Read any online review of the play, and you'll find a critic keen to tell you that Mullarkey "was inspired by" (read: copied) Evgeny Schwartz' 1943 play The Dragon. In that play, the "Dragon" of Russian Tsarism is slain, and then replaced by the "Dragon" of Stalinism. Fair enough, Schwartz. You've used a metaphor there to communicate a clear and precise analysis: that the Russian revolution led to a state as despotic as the one it overthrew. Great. Point made. Same analysis as in Animal Farm, but at least you've found an original way to say it.

Mullarkey's analysis is, on the other hand, nonexistent. What is he trying to say here? That the people of England threw off the shackles of feudalism and lived happily for a few years, but then were yoked again under the shackles of capitalism? Because if that's your analysis, it sounds like a drunk first-year student who hasn't read Marx trying to impress girls. What the hell kind of economic system do you imagine people lived in in between "the evils of feudalism" and "the evils of capitalism"? And what kind of system do you imagine you are living in now? When do you imagine we threw off the yoke of capitalism? What is this nonsense about the evils of "the system" being suddenly cured by an external, white, upper class hero? How are you putting that white-saviour nonsense on the stage and then not mocking it? Or are you trying to say capitalism erodes individuality even more than the feudalism that preceded it? Because it's a bit fucking ambitious to attempt to make such a heavyweight economic-historical point in a play which is 90% about fighting dragons. 

All of this might sound like I'm trying to read too much into it, but you didn't give your audience the choice. You made a "dragon" tell us "he was the system" and then get killed when George destoys the statutes that uphold "the system". In Act Three, I've no idea what Mullarkey wanted the Dragon to represent, but reviewers are falling over each other to claim it's "Brexit", because they too, saw that you wanted it to mean something. Time and again, I tried to just settle into my seat, buy into a character - any character - and enjoy the storytelling. But you wouldn't let me do this, Rory. You are adamant that we must listen to your points, wherever they are. The allusive language always returned, in lines like "the dragon is in us all". You can't not search for meaning in this play.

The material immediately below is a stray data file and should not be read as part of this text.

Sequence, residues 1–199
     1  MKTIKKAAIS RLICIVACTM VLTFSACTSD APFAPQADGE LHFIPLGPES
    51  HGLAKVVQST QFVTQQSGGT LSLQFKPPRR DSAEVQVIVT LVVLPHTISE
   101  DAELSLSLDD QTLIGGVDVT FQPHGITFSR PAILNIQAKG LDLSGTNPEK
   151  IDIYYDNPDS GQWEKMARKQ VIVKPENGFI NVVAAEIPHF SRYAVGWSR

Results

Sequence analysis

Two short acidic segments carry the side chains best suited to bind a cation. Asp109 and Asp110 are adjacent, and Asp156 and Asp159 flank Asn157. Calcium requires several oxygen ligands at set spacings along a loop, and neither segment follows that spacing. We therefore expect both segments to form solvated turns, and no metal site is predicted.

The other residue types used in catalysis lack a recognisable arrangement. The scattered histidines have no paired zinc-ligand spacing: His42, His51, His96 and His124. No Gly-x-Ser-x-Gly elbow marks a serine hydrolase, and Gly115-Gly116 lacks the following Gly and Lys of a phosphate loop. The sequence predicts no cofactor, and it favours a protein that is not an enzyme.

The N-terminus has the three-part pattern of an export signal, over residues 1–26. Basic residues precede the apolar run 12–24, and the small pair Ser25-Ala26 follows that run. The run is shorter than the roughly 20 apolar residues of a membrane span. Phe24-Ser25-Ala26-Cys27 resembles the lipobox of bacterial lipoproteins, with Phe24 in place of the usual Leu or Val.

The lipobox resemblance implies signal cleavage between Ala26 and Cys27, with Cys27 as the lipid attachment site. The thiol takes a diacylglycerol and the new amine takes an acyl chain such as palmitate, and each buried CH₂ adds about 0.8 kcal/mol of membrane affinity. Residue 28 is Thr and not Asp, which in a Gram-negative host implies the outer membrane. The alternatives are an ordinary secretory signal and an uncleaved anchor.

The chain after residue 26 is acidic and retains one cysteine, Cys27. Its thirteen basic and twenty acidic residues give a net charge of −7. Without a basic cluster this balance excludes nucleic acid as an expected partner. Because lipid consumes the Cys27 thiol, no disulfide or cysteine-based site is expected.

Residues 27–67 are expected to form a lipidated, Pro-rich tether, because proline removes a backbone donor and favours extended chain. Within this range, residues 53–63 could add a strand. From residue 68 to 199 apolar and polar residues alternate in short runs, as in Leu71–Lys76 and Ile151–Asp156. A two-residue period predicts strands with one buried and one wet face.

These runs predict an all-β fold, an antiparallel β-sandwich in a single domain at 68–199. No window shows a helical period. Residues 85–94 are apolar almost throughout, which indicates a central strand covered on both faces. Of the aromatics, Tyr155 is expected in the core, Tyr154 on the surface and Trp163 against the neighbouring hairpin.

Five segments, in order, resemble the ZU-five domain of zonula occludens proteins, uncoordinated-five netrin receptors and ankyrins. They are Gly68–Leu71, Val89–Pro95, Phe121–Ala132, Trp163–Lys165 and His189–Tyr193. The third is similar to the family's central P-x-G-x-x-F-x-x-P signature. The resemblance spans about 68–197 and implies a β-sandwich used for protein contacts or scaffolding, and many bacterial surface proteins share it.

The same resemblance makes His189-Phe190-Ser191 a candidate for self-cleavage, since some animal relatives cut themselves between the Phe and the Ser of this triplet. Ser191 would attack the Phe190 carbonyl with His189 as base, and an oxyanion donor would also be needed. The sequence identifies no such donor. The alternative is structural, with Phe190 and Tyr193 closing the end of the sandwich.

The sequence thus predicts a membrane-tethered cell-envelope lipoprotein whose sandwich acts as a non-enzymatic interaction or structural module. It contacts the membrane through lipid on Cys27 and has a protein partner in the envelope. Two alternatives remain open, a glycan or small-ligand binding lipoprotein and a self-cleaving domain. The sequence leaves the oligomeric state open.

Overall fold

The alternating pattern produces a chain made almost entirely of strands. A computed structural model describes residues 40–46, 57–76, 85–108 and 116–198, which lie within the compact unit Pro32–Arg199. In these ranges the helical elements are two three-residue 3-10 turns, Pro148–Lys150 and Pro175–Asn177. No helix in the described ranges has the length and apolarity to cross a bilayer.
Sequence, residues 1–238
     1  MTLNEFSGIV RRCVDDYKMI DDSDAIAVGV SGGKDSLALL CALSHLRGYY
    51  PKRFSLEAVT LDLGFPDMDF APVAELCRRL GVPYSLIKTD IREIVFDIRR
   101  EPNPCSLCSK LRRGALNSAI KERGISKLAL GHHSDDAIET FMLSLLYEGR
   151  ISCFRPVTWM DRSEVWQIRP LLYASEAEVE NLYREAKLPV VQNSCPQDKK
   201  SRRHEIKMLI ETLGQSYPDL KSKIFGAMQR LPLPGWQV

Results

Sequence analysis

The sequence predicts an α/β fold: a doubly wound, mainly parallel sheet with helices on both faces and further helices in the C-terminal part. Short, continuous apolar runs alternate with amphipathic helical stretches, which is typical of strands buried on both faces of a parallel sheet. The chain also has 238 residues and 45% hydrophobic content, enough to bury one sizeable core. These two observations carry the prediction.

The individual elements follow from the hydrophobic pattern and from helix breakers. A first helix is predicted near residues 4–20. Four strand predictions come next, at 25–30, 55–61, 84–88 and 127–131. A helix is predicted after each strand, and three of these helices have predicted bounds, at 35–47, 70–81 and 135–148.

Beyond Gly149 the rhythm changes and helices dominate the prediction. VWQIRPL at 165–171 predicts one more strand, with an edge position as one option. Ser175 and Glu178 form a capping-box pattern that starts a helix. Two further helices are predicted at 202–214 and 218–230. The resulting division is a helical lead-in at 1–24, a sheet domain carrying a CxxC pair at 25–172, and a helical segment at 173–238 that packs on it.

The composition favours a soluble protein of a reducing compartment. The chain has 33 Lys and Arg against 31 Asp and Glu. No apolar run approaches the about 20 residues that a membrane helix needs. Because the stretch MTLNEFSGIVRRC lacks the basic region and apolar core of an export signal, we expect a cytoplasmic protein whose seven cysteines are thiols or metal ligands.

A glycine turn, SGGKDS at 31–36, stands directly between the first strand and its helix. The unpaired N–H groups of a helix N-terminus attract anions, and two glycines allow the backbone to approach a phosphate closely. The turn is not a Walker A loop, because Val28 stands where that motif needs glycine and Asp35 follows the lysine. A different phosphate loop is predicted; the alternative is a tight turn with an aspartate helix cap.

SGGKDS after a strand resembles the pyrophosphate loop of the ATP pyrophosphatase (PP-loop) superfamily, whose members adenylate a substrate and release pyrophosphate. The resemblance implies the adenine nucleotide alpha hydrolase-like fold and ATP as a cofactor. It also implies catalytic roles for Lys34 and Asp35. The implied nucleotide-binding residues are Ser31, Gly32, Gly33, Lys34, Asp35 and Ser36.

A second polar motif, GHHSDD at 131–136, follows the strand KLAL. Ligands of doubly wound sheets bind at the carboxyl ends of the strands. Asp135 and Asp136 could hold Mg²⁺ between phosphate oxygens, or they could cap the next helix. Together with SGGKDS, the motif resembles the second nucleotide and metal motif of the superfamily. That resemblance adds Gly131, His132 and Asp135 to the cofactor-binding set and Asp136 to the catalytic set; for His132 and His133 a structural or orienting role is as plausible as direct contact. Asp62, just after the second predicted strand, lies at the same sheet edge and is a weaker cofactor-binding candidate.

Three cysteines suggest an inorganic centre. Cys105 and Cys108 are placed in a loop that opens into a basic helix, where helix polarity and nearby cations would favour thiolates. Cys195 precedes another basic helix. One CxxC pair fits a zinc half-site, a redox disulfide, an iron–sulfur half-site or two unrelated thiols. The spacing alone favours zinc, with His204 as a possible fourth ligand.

And let's be honest, Rory, if you take away all the meaning - if it really was just a play about dragon-killing - it would be a pretty weak story wouldn't it? "Man kills dragon twice then can't do it a third time." Not a very satisfying Shrek movie, that. You need it all to allude to something, Rory, otherwise you've just got a fairytale that ran out of puff. You would have just subverted the whole fairytale genre purely in order to remove the enjoyment.

I think what's happened, Rory mate, you wrote in the metaphorical significance of the Dragons, didn't you, and then you kind of forgot to follow the metaphor stuff through? I think you've got carried away with the actual Dragon-slaying storyline and you're enjoying the sub-Carry On fun that you think you can have on a series of historical adventures. 

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There is more than a dash of Carry On's brand of silly, thoughtless historical adventure in Mullarkey's play. The problem is Mullarkey doesn't settle for that, and keeps trying to make it say something serious too.